const self = this;
        self.host = host; // WebPluginGadgetHost
        self.configuration = configuration; // Widget configuration
        self.editable = configuration.editable;
        self.readonly = false;
        self.value = undefined;
        self.input = undefined;

After creating the instance and integrating our HTML snippet in the DOM, FirstSpirit calls the onLoad() function in our created object. Within the function, we register an EventListener on the text field of our input component, so that we receive the input value when something has been entered. At the same time we can inform the ContentCreator about the change. In addition, we put any existing value in the text box and enable/disable the editing capabilities of our input component.

self.onLoad = function () {
    self.input = self.host.getElementById('inputWidget_text');
    self.input.addEventListener("input", function() {
        self.value["TEXT"] = self.input.value;
        self.host.onModification(); // Notify the ContentCreator that a changed has occured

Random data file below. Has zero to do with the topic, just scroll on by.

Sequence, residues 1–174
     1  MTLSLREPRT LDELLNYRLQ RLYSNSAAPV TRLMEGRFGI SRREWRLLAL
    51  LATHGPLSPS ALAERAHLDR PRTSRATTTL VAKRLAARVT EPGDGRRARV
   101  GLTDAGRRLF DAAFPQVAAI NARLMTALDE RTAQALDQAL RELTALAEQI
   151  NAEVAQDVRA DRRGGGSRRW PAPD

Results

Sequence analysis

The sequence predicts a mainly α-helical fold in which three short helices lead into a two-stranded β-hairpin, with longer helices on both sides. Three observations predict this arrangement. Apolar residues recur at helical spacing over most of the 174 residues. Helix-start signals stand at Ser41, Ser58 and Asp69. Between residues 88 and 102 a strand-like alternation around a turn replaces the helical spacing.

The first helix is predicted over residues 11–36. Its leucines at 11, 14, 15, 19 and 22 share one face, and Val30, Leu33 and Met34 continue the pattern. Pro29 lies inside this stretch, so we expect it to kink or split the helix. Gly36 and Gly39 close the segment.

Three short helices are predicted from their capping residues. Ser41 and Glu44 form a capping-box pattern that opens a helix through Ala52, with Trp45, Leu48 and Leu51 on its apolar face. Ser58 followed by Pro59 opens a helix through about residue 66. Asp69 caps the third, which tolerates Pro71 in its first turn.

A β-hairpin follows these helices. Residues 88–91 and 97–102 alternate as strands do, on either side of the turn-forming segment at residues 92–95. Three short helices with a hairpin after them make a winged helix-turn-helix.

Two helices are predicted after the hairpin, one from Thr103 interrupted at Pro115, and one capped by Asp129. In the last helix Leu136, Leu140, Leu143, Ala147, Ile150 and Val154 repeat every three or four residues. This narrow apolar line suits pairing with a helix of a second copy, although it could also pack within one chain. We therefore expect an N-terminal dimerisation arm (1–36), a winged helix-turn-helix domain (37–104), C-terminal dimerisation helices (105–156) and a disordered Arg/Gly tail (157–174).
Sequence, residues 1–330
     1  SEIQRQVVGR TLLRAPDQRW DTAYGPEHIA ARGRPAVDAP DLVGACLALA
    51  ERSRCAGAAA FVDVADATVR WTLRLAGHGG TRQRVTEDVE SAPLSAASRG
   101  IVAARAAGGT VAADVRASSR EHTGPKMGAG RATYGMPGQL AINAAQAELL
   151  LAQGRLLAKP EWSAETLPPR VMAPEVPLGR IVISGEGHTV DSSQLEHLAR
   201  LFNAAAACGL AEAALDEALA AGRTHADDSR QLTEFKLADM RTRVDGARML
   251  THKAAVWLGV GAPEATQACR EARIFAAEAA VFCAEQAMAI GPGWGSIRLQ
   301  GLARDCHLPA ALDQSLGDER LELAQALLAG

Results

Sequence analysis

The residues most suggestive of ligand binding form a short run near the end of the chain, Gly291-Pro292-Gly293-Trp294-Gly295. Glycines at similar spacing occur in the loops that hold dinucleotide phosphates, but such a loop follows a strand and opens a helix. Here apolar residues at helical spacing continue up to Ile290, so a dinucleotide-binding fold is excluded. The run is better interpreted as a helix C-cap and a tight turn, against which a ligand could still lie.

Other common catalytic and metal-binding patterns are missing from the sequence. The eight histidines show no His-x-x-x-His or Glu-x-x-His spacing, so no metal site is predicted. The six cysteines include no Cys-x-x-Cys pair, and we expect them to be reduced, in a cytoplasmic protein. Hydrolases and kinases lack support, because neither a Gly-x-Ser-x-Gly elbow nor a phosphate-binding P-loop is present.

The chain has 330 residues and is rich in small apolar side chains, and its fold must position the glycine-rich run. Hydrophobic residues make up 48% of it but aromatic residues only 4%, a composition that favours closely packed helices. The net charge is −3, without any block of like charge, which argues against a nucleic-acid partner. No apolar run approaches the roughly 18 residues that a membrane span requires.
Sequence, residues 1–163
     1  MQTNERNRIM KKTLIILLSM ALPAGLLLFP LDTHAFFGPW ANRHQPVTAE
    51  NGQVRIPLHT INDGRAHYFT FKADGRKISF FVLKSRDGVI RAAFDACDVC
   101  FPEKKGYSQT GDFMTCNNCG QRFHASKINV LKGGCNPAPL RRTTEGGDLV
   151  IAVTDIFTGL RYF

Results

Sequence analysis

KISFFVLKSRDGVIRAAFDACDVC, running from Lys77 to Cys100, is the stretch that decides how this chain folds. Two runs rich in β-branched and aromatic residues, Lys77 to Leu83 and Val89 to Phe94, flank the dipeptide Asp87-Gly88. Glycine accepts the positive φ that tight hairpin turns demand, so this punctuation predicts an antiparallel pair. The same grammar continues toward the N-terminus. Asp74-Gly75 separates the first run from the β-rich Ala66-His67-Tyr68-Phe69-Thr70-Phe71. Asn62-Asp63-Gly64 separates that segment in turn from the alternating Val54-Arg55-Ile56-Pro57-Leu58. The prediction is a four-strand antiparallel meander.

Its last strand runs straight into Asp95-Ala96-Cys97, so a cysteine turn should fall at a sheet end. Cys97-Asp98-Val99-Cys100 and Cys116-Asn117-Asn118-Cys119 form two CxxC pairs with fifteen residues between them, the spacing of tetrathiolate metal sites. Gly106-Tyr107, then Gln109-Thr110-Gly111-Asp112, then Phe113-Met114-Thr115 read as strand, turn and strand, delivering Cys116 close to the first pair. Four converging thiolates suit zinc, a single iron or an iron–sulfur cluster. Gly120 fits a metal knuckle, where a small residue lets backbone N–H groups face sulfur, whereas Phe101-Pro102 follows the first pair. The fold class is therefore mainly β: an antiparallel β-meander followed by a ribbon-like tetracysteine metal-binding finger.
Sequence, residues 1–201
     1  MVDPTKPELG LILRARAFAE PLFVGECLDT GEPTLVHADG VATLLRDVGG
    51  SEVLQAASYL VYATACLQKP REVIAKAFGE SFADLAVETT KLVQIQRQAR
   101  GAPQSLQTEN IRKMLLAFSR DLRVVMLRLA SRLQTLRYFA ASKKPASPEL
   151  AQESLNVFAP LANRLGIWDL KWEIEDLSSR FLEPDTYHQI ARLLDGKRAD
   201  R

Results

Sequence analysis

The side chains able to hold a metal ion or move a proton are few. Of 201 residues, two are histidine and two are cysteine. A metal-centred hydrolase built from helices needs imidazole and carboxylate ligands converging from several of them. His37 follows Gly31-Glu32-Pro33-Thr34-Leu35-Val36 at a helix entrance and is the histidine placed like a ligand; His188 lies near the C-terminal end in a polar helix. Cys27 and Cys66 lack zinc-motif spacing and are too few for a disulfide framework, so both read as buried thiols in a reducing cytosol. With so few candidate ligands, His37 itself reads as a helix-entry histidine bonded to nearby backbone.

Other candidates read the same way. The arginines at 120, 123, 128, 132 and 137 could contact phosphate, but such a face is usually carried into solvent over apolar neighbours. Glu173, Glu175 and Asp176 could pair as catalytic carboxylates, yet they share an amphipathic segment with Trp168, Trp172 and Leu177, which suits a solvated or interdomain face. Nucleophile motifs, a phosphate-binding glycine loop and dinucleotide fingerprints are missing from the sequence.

});
    if (self.value) {
        self.input.value = self.value["TEXT"];
        self.input.readOnly = !self.editable || self.readonly;
    }
};

In addition, the functions getValue(), setValue(value) and isEmpty() are needed to exchange the value of our input component with the ContentCreator.

/**
 * Returns the current value of the input component.
 *
 * @returns undefined | {text: (string)}
 */
self.getValue = function () {
    return self.value;
};
/**
 * Set the value saved in FirstSpirit.
 *
 * @param value FirstSpirit saved value
 */
self.setValue = function (value) {
    self.value = value;
    if (self.input) {
        self.input.value = value["TEXT"];
    }
};
/**
 * Check if the component value is empty.
 *
 * @returns {boolean}
 */
self.isEmpty = function () {
    return !self.value || !self.value.text;
};

Since our input component automatically receives a label from Firstspirit, which is not shown in our HTML snippet, we need the function getLabel(), through which the ContentCreator receives information on what should be displayed as a label. In the WebPluginGadget we already provided a label in the configuration so that we can now access and output it in our Javascript.

/**
 * Return the component's label
 *
 * @returns {string}
 */
self.getLabel = function () {
    return self.configuration.label;